TZL: It is often said that people leave managers, not companies. What are you doing to ensure that your line leadership are great people managers?
Rossomando: We take staff enrichment and leadership development seriously. All employees receive informal and formal feedback throughout the year. Informal feedback includes one-on-one “coffee chats” and project team “lessons learned” meetings to discuss daily operations issues as well as job satisfaction. Staff that are managing others on project teams or in departments are encouraged to provide feedback on a regular basis. Once a project is completed, staffing is reorganized for the next project matching up skill sets and personalities for the best outcome, which allows managers to hone their style of leadership with different staff in the office and clients and consultants outside the office. Formal reviews occur twice a year and focus on skills and competencies as well as career development.
Firm owners lead by example and staff managers are encouraged to be empathetic and mentor others by being approachable and exhibiting a firm-first approach to practice. Project managers are expected to nurture project teams and demonstrate to staff how projects are successfully managed and delivered. Project architects are expected to lead firm wide classes in technical areas, called MYU or McKinney York University, to train less experienced staff. Developing leaders are offered the opportunity to attend professional leadership and project management workshops paid for by the firm. Online resources such as emotional intelligence webinars and other continuing education classes are available to improve interpersonal skills and communication in teams. In 2018, we formalized a company policy to commit to provide a work environment free of harassment, hostility, and discrimination in any form.
TZL: The firm’s work has been recognized locally and nationally more than 40 times. Do you have a project that really stands out among those as a favorite? Why?
Rossomando: The American National Bank Building was an iconic mid-century building in downtown Austin that was vacated and in danger of being lost. Now the McGarrah Jessee Building, the exterior was renovated and McGarrah Jessee, an award-winning branding agency, was placed as the building’s primary occupant. The main goal was to capture the free-wheeling personality of the agency while respecting the original modern architecture and Knoll interiors. The design unfolds elegantly at the atrium of the piano nobile, which is rimmed with Knoll workstations and peels back to reveal a more raw space at the perimeter beyond. New openings were also punched on the western façade to provide a welcoming exterior and allow balanced interior lighting.
This project received numerous awards – but stands out in our minds because the clients really pushed us to think outside the box and explore the “unexpected” and we had so much fun. The interiors repurpose many items from the original building, including grates from the basement parking, plate glass, teak paneling, and marble slabs to finish off exposed columns. Our office actually worked together late at night to create one of the signature elements of the interiors – the “woven wall” – or custom privacy screen created from common clothes line and steel columns.
TZL: Ownership transition can be tricky, to say the least. What’s the key to ensuring a smooth passing of the baton? What’s the biggest pitfall to avoid?
McKinney: The five leaders of the firm have been together for a minimum of 20 years and have a strong desire to move the firm forward with shared values and a smooth transition. This allowed us to speak frankly in early, informal conversations about providing ownership opportunity to future leaders and map out a plan for divestiture. We learned that it’s wise to start considering ownership transition long before you need it to be in place and to get agreement on fair and equitable terms for the changeover. Not only does this create a smoother transition with less financial stress, this allows the firm to position future leaders in the marketplace and develop their presence with clients in varied market sectors.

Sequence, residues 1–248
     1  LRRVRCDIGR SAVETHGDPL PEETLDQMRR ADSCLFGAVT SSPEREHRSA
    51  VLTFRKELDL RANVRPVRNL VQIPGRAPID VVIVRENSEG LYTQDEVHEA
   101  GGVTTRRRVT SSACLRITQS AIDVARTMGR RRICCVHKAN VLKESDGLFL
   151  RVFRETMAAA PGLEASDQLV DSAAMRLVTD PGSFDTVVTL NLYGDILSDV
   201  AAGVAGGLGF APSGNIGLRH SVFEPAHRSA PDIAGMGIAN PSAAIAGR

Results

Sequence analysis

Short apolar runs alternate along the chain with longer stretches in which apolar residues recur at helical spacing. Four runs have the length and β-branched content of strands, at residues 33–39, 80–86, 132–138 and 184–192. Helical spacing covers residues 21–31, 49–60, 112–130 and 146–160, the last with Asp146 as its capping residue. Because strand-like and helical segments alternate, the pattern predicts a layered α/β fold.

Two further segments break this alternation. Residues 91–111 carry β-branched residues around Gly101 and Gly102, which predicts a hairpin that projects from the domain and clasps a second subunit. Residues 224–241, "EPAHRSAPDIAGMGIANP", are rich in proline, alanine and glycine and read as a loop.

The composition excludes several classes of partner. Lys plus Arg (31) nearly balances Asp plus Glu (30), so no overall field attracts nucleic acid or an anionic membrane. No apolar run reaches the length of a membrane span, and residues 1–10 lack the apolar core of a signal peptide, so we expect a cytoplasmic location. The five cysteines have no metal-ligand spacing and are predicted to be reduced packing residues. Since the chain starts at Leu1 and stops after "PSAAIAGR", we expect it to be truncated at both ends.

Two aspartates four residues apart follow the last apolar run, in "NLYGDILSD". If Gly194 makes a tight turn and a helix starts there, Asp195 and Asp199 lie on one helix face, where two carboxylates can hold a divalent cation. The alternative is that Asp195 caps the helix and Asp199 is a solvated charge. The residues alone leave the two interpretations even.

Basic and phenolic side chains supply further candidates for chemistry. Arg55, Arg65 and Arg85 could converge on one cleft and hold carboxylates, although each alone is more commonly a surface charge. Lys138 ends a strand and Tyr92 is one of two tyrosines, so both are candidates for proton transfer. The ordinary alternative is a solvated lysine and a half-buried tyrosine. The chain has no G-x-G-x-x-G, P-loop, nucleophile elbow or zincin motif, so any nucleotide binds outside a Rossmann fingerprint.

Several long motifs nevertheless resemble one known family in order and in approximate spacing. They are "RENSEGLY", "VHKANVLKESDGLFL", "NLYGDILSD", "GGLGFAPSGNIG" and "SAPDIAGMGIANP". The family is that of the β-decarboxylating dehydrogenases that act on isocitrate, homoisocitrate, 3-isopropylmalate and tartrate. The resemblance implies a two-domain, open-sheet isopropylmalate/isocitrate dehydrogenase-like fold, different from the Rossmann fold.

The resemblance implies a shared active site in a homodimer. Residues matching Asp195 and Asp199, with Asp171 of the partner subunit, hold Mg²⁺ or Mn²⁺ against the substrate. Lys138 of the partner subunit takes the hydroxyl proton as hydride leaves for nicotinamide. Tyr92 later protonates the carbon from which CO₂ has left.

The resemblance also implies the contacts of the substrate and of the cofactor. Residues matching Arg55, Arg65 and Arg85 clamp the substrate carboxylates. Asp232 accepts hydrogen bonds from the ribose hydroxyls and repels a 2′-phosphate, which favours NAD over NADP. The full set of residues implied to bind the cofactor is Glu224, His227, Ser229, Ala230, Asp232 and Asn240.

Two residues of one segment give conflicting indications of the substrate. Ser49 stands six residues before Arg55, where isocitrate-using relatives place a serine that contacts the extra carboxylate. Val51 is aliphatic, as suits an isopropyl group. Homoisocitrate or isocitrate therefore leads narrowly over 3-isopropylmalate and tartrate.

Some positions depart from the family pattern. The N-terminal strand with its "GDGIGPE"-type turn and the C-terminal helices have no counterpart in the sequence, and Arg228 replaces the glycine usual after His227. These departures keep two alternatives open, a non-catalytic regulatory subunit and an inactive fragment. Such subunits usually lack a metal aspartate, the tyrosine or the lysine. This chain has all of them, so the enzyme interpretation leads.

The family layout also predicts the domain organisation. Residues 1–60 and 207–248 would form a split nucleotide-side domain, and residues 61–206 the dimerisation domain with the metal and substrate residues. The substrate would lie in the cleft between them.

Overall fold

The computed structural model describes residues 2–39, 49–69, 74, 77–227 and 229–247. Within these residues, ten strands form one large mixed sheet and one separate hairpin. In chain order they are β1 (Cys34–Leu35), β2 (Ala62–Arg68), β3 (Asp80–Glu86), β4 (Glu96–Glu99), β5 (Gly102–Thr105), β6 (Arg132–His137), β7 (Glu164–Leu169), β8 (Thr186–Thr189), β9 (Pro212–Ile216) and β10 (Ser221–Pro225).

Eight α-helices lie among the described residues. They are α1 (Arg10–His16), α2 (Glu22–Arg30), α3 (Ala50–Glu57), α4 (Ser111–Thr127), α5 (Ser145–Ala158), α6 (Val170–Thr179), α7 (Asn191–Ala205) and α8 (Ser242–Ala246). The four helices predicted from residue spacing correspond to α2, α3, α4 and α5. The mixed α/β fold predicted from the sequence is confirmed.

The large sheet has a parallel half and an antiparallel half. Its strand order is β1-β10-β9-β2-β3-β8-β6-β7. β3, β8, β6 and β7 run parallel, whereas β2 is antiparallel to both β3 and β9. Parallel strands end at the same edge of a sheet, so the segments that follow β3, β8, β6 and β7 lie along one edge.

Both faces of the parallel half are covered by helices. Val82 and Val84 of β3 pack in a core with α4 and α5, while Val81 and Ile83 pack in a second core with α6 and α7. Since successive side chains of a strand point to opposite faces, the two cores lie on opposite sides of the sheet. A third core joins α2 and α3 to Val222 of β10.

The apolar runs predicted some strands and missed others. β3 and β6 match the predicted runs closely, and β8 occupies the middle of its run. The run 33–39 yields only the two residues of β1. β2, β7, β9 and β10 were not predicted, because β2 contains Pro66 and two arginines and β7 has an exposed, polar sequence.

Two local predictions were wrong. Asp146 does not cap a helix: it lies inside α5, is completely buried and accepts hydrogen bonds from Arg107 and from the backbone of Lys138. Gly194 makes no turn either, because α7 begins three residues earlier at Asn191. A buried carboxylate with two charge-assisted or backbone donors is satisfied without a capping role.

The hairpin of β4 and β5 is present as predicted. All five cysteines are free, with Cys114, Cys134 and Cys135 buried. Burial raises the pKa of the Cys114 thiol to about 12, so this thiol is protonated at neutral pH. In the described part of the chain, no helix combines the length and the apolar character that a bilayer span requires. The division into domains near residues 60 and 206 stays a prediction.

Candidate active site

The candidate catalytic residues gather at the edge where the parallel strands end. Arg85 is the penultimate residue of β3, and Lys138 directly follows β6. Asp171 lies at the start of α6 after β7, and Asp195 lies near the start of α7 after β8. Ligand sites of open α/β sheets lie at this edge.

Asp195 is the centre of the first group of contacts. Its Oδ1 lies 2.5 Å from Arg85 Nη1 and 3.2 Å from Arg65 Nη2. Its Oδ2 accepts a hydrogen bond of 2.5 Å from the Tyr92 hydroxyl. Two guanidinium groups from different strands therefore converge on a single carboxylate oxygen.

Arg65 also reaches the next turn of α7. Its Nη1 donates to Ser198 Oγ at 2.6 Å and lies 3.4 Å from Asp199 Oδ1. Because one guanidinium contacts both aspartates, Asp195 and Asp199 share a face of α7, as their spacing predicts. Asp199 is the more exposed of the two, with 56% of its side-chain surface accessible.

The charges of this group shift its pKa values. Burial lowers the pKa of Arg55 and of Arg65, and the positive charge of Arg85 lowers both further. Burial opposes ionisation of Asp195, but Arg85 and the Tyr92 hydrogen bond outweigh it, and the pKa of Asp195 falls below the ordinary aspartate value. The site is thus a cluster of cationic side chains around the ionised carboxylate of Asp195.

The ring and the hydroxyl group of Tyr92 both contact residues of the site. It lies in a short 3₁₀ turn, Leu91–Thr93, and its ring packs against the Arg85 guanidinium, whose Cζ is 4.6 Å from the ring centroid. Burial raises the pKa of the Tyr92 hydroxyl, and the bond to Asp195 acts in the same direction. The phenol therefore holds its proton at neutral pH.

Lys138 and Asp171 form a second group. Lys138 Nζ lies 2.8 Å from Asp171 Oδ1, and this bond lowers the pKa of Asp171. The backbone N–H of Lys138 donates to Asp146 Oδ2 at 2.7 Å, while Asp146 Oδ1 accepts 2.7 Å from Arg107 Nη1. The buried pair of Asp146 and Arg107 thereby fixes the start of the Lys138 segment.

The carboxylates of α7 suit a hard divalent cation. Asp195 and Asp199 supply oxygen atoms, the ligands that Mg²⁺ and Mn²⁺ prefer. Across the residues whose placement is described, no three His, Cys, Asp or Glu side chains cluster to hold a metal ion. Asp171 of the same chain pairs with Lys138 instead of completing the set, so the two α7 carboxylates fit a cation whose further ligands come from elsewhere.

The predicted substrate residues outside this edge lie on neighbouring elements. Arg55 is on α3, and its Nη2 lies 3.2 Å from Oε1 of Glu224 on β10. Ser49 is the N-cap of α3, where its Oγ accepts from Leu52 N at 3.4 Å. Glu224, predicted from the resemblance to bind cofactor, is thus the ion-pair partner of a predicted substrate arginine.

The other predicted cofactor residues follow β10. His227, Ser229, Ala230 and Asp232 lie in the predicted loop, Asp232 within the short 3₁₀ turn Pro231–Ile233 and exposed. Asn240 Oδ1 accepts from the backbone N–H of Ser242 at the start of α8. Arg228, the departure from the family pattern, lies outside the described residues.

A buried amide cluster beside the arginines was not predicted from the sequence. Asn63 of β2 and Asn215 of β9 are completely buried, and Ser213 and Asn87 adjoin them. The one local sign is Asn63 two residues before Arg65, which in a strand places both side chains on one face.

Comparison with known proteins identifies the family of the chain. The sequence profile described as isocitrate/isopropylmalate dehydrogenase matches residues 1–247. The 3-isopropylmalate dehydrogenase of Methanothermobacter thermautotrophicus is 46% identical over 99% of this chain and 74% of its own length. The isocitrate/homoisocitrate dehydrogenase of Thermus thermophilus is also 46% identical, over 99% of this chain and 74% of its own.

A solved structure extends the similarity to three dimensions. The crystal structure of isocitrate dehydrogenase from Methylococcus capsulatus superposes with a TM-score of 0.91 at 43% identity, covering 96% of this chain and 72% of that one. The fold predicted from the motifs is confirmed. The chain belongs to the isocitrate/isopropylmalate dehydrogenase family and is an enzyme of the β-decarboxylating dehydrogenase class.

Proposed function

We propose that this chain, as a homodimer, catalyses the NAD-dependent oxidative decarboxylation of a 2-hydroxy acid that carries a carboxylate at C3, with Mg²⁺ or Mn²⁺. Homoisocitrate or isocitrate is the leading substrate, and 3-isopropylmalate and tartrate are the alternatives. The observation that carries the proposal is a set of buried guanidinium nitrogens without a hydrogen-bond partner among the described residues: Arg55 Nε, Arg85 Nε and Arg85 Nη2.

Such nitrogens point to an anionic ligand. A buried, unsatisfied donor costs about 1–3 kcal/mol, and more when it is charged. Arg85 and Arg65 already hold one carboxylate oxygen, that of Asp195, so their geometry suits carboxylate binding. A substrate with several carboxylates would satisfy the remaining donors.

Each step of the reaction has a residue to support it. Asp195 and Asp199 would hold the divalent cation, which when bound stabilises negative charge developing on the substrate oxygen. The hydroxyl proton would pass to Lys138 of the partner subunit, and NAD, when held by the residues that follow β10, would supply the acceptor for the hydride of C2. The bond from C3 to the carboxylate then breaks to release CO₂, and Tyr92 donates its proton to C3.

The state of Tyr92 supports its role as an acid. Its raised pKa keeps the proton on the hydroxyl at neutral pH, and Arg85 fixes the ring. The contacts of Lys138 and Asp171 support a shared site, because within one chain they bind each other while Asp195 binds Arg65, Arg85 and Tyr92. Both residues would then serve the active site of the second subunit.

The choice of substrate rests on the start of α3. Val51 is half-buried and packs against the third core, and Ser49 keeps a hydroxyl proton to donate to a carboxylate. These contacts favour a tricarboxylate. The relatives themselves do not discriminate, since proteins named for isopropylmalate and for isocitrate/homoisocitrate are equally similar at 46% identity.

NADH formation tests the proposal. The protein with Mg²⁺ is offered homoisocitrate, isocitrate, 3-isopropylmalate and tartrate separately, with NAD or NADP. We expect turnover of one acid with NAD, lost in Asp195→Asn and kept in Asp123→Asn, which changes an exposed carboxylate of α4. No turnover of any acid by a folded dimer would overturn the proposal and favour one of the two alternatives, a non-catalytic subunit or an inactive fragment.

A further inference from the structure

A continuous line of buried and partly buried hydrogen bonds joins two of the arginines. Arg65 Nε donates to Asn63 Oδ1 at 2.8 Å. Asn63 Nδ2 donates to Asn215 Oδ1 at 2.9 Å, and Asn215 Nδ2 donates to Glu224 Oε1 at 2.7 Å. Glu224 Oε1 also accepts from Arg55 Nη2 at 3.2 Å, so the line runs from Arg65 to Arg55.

TZL: Research shows that PMs are overworked, understaffed, and that many firms do not have formal training programs for PMs. What is your firm doing to support its PMs?
Rossomando: Last year we developed a new strategic plan with a strong emphasis on creating organized, relaxed, and consistently profitable project delivery. All current and emerging project managers receive one-on-one mentoring and are offered the opportunity to attend a two-day project manager “bootcamp” workshop offered by AEC experts. Firm leaders created a project delivery plan that acts as a roadmap for success in project management. The plan outlines how to set up a project for success, areas to be monitored throughout the project, and steps for project completion. Communication is the key factor at all phases. Templates were created for project schedule, project budget, internal design team communication, external client communication, and project health assessment to allow project managers to be efficient and consistent in executing their work. Senior project managers lead firm wide education classes, called MYU or McKinney York University, to review project management templates and tools to train current and emerging project managers.
TZL: How many years of experience – or large enough book of business – is enough to become a principal in your firm? Are you naming principals in their 20s or 30s?
McKinney: We do not have a requirement for minimum years of experience or book of business and, yes, have named principals in their 30s. There are a number of “intangibles” that factor into being named a principal in our firm. These include having a firm-first attitude, being able to manage and inspire teams, and being able to recognize and mitigate risk. Not all our principals are “rainmakers” but each is responsible for client satisfaction and project success in select market sectors which leads to repeat work.
TZL: In one word or phrase, what do you describe as your number one job responsibility as CEO?
McKinney: Making the tough decisions.Click here to read this week's issue of The Zweig Letter!